Life Before and After A Spinal Cord Injury
Suffering a spinal cord injury is one of the most traumatic events a person may suffer. The effects of paralysis are far-reaching, touching every aspect of a person’s life, from the time you wake up to the time you go to bed at night. Most of us cannot fathom the challenges with which a victim of spinal cord injury must cope every day, and also the challenges for family members who substantially support their injured loved ones.
Spinal Cord Injury Ontario is an organisation that seeks to help individuals cope with the adjustments to a spinal cord injury. One of their upcoming events is a Peer Volunteer discussion group and lunch on Monday, August 15, 2016, at 12:00pm. This event features a speaker addressing the topic: "Life Before and After A Spinal Cord Injury" which focuses on how life can change after a person sustains a spinal cord injury. There will be a discussion period afterward and you will be able to share your story and also ask any specific questions. For details and signup for the event, see the Spinal Cord Injury Ontario website: www.sciontario.org.
2016 Wheelchair Challenge
A second event is a fundraiser in Toronto entitled the "2016 Wheelchair Challenge" scheduled for Sunday, September 18, 2016, at Monarch Park Stadium. The event will feature a series of exciting and fun challenges including a revamped version of the Wheelchair Relay Challenge. This event is ideal for corporate team-building, a group outing or any organization looking to have fun and support the community. Organize a team of 6 people for a day filled with teamwork, energized spirit, fun, and enthusiasm.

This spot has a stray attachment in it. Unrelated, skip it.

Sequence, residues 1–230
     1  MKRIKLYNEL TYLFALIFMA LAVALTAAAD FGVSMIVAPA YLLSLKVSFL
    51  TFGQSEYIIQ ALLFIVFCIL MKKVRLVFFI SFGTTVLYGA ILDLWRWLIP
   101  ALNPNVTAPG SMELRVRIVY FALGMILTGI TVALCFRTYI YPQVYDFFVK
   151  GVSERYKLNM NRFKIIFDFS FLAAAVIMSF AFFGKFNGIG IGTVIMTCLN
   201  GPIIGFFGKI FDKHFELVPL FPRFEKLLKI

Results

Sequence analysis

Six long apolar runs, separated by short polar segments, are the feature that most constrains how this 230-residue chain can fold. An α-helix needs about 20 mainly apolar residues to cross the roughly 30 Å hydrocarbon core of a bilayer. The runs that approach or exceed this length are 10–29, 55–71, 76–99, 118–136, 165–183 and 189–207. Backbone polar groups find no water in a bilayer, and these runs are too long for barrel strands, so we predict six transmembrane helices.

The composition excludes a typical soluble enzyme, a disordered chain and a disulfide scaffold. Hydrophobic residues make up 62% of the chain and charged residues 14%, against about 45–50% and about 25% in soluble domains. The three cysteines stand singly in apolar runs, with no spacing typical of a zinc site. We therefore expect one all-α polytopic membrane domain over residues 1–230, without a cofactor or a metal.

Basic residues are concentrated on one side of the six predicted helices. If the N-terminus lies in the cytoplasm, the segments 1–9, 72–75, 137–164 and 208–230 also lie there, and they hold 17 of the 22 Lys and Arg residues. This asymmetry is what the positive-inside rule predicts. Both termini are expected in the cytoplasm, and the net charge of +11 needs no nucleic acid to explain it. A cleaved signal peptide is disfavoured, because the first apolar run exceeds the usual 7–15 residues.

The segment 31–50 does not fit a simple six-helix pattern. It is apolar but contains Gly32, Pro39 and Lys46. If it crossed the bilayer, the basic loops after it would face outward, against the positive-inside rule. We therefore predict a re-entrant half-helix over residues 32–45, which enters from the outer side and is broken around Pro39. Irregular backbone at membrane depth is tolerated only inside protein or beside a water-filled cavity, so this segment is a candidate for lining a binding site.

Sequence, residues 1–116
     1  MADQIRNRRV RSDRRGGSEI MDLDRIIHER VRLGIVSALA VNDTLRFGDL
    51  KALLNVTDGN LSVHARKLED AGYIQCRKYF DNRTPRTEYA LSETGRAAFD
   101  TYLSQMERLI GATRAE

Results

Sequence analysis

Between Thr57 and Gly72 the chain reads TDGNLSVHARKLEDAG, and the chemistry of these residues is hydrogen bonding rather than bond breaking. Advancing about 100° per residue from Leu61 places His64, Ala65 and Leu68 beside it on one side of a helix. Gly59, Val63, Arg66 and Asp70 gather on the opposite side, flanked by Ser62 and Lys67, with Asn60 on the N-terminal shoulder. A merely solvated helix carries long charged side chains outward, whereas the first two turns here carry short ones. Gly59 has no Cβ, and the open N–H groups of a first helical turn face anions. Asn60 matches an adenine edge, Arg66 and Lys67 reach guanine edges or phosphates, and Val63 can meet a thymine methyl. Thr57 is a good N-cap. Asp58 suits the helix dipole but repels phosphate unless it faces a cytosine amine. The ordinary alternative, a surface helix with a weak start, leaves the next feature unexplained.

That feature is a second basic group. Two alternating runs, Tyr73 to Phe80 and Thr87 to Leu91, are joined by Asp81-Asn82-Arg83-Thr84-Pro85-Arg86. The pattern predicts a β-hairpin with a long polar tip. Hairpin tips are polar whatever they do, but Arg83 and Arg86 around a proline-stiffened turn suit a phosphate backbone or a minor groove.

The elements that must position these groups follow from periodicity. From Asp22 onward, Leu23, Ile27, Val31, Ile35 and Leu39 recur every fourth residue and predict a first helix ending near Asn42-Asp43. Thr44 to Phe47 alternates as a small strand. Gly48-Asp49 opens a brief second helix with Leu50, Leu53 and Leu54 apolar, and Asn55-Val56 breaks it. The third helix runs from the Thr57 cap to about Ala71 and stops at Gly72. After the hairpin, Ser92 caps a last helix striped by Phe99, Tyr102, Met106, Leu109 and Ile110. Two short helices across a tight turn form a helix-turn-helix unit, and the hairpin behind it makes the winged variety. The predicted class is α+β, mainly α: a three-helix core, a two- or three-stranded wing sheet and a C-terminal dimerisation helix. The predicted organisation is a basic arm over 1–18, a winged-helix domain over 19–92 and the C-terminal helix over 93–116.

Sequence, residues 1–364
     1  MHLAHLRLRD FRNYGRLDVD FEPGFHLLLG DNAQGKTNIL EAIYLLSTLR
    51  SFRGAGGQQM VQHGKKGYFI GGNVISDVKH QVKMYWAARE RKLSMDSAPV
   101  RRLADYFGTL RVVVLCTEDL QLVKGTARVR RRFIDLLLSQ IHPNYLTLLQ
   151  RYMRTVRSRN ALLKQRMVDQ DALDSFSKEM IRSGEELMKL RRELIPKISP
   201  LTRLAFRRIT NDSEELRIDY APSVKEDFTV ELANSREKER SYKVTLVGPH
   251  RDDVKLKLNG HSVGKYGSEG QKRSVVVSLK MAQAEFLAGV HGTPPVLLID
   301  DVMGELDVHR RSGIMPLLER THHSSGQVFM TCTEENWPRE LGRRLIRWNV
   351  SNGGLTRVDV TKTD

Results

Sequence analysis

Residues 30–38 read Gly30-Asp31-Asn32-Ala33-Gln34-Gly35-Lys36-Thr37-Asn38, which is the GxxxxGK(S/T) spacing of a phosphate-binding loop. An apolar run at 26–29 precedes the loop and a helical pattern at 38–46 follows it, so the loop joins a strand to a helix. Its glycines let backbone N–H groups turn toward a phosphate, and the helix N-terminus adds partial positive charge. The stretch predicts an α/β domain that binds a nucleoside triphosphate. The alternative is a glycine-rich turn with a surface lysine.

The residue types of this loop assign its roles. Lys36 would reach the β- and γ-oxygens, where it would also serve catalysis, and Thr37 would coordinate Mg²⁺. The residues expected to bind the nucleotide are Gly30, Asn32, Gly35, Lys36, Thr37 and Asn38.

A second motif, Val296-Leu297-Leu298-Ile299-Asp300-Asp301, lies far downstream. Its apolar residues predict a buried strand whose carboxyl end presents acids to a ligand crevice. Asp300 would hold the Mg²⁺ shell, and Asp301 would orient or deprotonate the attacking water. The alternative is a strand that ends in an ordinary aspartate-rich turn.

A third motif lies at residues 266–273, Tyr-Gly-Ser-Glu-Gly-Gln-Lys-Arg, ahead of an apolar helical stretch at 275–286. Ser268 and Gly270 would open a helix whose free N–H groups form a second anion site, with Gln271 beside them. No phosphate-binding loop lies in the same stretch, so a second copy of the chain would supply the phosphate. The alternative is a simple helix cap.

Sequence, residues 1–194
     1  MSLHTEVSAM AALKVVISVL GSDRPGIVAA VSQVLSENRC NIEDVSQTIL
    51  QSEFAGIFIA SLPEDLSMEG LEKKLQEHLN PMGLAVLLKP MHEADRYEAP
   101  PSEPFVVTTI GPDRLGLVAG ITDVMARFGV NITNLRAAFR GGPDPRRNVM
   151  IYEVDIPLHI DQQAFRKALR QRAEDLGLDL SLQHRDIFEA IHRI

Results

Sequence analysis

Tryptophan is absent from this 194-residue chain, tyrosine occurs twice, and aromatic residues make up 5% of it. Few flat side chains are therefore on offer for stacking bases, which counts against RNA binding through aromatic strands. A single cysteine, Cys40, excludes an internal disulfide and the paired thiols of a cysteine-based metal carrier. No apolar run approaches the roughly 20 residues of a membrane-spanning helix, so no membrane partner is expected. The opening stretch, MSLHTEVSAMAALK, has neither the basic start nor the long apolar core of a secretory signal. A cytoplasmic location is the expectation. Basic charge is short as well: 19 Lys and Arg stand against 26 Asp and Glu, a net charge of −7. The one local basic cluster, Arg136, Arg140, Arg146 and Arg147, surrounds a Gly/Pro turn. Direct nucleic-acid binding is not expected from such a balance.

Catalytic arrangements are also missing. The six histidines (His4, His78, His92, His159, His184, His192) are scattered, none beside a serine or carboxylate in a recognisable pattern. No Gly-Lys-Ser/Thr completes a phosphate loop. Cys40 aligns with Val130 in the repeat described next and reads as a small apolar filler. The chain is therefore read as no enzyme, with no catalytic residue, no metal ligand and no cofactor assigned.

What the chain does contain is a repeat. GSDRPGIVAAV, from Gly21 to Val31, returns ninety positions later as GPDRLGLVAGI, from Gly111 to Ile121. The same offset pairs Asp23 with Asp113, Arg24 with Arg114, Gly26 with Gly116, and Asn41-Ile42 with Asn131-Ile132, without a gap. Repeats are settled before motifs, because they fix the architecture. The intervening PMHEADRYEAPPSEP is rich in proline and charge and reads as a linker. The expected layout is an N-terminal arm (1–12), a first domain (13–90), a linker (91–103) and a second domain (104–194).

About Spinal Cord Injury
Spinal cord injuries are caused primarily by motor vehicle accidents and diseases such as ALS and cancer. Currently, approximately 85,000 Canadians are living with a spinal cord injury of one degree or another, and because of our rapidly aging population, this number is expected to dramatically increase in the coming years. The Urban Futures Institute reports that the number of people living with spinal cord injury could increase by 50% to 121,000 by the year 2030.
A spinal cord injury can have several impacts on the life of a sufferer, even beyond the physical effects of reduced mobility and flexibility. Many victims of spinal cord injury suffer from chronic pain, including neuropathic pain due to injury to the nervous system, as well as musculoskeletal pain in the bones, joints and muscles. Reduced mobility and pain often make it difficult to complete simple tasks, such as getting dressed and moving in and out of a wheelchair. Sufferers need regular exercise and therapy in order to maintain their range of motion and strength.
The effects of spinal cord injuries on the medical care industry and society, in general, are more significant than those of most other injuries. The median hospital stay for a person with a spinal cord injury is 140 days, not including any long-term complications that are associated with the condition. Ongoing related health problems such as pressure ulcers, urinary tract and lung infections, as well as pneumonia and psychological depression, can shorten life expectancy for sufferers.. The average lifespan of a person suffering from a spinal cord injury is 15-30 years less than that of the average Canadian. In a highly publicized case, Superman actor Christopher Reeves died prematurely due to complications arising from pressure ulcers.
Consider attending and/or participating in the events detailed above. At Injury Lawyers of Ontario, we understand the substantial lifelong impact of spinal cord injury and urge everyone to show their support for individuals and families affected every day by this devastating condition.